Tips for an effective research poster design

Examples of research poster designs

For academics, producing a research poster often marks the end of a long period of work, and presents an opportunity to generate interest in their research and the findings of an investigation. A well-presented research poster should attract attention, generate interest and prompt further discussion. Often used in a conference setting (although these are currently mostly happening online) it should act as a honeypot, drawing in visitors as they pass.

 

Titles

In a busy conference, where footfall and competition is high, your title needs to be both clear and engaging. Of course your title will be a reflection of your study, but it should be presented in a clear to read font, large enough to be taken in from a distance of 2m. Ensure your text colour contrasts well with any background colour.

Subheadings using the same font, or a complimentary one, should be used to indicate the different sections of the poster. The layout should be logical with a clear flow through the sections. Make sure all the titles use the same format to help create a consistent design.

 

Text

Having spent months or years working on your project, it difficult to condense all your information into a suitable amount for a research poster. You should aim to convey just the main points, and leave the details for more in depth discussion. Bullet points can be a great way to summarise as they can be read from a distance.

 

Infographics

You may have a lot of data to present. Traditionally this might be presented in graphs and charts. Infographics can be helpful to provide other more interesting ways to present and allow easy visual comparison of different data sets. Infographics can also be used to show progression, information flows etc. They say a picture paints a thousand words, so if you are struggling to condense your text, why not make use of icons or simple illustrations to convey an idea. This can make your poster more visually appealing, and can make complex information appear more approachable.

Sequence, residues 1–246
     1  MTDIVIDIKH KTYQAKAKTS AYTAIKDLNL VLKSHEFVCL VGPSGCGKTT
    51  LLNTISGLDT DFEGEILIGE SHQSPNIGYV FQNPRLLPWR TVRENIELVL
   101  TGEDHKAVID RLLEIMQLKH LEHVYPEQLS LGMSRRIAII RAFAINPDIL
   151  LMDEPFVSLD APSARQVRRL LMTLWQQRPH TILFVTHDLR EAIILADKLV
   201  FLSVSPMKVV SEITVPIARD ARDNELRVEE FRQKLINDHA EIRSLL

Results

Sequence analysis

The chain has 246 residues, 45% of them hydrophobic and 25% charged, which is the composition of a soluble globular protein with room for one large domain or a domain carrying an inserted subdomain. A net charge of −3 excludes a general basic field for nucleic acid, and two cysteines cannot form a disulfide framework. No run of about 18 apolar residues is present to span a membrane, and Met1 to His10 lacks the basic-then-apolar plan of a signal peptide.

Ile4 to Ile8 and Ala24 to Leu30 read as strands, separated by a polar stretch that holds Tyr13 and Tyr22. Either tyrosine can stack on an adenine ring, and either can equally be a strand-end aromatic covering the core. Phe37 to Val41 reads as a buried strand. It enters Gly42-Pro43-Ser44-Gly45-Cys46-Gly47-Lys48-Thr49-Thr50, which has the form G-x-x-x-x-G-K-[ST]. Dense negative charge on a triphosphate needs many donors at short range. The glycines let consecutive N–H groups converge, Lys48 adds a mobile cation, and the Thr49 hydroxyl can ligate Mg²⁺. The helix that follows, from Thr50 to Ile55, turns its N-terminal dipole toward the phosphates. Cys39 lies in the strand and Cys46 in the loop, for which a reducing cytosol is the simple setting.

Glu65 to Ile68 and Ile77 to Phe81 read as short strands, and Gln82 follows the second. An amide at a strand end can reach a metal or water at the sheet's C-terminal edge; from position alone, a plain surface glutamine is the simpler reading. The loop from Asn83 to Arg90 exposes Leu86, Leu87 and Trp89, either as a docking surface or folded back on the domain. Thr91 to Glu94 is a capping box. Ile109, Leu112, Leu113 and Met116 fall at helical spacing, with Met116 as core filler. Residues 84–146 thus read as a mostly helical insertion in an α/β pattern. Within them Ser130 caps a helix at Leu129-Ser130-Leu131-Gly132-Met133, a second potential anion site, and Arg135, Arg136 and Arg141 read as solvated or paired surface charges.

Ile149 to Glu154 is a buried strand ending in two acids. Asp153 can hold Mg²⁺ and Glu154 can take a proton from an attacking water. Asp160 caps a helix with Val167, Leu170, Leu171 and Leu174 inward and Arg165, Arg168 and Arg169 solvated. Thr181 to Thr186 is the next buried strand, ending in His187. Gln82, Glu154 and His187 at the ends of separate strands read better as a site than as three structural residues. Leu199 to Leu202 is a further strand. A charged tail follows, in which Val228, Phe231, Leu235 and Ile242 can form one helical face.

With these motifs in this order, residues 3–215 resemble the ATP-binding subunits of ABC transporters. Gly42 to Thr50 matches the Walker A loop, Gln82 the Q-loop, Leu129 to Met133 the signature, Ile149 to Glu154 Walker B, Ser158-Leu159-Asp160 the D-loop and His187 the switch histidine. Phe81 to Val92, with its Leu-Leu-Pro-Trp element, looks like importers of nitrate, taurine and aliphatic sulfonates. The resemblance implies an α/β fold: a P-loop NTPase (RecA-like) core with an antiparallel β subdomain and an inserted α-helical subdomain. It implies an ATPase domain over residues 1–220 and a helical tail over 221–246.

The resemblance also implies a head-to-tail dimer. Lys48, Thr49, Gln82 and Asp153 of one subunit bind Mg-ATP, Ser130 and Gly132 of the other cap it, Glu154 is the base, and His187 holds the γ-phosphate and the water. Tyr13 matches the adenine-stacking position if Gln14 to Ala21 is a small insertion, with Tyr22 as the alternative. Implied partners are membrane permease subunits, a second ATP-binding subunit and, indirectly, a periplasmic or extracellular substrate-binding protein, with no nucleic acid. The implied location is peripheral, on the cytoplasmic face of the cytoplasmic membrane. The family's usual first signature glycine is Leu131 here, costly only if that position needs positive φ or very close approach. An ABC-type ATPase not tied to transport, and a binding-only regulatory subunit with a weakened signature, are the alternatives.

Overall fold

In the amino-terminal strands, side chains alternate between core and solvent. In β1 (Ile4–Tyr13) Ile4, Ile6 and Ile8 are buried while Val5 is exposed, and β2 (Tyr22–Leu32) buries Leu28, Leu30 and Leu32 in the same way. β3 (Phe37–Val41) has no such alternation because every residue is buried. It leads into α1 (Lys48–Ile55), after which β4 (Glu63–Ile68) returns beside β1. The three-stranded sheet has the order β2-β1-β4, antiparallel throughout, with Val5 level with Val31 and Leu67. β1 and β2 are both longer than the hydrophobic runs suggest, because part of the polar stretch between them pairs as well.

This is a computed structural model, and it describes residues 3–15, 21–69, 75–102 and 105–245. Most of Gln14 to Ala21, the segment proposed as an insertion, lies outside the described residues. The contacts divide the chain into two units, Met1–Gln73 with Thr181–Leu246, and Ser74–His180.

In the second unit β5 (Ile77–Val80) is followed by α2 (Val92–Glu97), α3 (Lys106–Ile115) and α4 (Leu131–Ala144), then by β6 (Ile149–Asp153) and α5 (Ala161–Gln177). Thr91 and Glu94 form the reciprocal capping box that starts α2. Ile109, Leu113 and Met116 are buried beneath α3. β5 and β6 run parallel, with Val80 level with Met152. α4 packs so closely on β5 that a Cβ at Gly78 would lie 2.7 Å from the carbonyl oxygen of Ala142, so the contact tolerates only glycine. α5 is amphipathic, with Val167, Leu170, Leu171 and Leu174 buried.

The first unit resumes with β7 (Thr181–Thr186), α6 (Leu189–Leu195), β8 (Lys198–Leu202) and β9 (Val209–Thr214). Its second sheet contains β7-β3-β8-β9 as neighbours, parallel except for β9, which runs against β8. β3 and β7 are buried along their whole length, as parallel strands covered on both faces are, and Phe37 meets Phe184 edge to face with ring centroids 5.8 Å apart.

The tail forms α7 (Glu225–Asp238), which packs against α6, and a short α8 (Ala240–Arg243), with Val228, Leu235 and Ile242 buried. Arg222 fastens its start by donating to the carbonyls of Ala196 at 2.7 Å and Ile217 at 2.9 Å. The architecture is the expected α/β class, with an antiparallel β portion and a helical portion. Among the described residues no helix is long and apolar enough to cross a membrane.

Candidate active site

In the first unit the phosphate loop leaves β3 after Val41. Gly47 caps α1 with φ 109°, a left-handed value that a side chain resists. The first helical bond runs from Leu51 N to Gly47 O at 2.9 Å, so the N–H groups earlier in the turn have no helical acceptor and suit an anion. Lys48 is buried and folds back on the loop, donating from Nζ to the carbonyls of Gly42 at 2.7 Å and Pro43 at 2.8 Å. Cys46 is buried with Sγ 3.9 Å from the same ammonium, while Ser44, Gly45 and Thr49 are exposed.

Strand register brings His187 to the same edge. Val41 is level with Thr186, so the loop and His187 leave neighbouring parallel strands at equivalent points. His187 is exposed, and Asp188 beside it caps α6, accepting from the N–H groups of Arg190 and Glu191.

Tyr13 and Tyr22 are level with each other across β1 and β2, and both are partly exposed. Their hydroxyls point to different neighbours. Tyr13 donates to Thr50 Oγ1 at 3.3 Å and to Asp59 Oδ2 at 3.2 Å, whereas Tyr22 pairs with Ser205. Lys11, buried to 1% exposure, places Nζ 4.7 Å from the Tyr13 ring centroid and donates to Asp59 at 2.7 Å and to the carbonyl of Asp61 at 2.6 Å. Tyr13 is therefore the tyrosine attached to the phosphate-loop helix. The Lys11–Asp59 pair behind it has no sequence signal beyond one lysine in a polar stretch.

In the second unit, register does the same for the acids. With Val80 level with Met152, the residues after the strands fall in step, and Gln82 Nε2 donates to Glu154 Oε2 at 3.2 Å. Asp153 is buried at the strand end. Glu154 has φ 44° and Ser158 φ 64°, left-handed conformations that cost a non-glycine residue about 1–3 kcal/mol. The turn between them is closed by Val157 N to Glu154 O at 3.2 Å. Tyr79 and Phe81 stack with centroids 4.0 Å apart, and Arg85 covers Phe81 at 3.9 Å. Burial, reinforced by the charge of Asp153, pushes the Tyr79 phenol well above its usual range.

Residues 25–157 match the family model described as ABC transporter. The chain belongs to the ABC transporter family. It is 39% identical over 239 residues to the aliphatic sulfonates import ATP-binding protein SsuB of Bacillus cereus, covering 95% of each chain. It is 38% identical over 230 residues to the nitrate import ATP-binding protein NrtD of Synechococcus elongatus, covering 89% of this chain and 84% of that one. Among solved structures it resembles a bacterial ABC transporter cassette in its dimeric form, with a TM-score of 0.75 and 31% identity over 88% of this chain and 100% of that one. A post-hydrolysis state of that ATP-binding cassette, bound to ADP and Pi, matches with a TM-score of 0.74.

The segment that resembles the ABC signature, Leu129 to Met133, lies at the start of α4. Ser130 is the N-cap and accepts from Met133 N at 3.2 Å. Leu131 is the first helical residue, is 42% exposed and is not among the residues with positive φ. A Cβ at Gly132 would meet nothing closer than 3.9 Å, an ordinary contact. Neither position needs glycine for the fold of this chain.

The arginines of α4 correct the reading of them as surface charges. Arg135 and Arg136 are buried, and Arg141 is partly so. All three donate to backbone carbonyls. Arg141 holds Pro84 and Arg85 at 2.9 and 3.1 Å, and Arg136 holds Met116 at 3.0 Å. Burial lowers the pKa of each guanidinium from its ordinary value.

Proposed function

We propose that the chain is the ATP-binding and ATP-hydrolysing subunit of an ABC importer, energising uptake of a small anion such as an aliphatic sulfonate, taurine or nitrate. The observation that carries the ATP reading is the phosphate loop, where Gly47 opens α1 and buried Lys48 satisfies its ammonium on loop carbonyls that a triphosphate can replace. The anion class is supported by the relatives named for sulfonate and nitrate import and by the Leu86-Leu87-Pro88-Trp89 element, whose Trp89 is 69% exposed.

Photos

You may choose to include photographs in your poster. These can be specific to the a

rea of research, part of your findings, or they could be more general, to set the context. Either way, you should ensure they are good quality pictures (300dpi is recommended for print, 150dpi is a minimum for large format printing) and you have the correct permissions to use the images. It is good practice to state the source of any image which you have not taken yourself.

 

Flow

A research poster needs to take the reader on the journey to your discovery. As such this should be reflected in the design. In addition to a clear titling system, use visual aids such as numbering, arrows and shaped backgrounds to clearly define the stages on your research process and carefully guide your reader through the information. Logically organised information is easier to process and will set context and add impact to the outcome.

 

Space

Typically, a research poster will be A2 or A1 size, which potentially gives you a lot of space to present your content. It can be tempting to fill the whole area with content, however, your poster will have greater impact if you leave some empty space.

 

Colours

Your choice of colours might come down to a few factors.

Brand

If your project has been sponsored by your employer or an organisation, you may be asked to include their branding and colour scheme. Or you may have a collection of sponsors, in which case it may be more appropriate to choose a neutral scheme which works with all the brands.

Topic

Maybe the subject matter is strongly linked to a particular colour scheme, for example green is an obvious colour to use for a topic relating to the environment. You could choose this, or colours which complement the main colour.

Content

If brand and topic do not lend themselves to a colour scheme, then perhaps you have a nice photo within your content which could be used to build a colour theme.

Cultural context

In different cultures colours can have different associations. It is worth being mindful of this if you are presenting your work overseas.

A Simple colour scheme using a main colour, a paler shade and an accent colour can be effective if you have a lot of content. Using bright colours can attract attention, but may not be appropriate in some cases.

If you are planning to use colour on your text, make sure it contrasts well with the background colours to make it easy to read.

Whatever is the main driver for your colour scheme, make sure it is clear and consistent.

 

Something memorable

In a sea of faces and print you need to ensure your poster will be remarkable and unforgettable. This can be achieved by tailoring your design to fit your audience. You will need to be led by your subject matter too, of course, but do not be afraid to use graphics to help your poster stand out. A well-chosen illustration or icon can add a pinch of personality or humour and can help the reader connect to the subject matter and your project in particular.

 

Call to action (for further info)

What are your aspirations for this project? Do you want to make personal contacts; do you wish to increase exposure of your subject matter. A carefully worded call to action can help with this. Make sure it doesn’t distract from your content whilst still being easy to find and read.

If you are looking to have your poster professionally designed, check out research poster design page for more details and get in touch with us if you would like a quote for the design and/or print of your poster.

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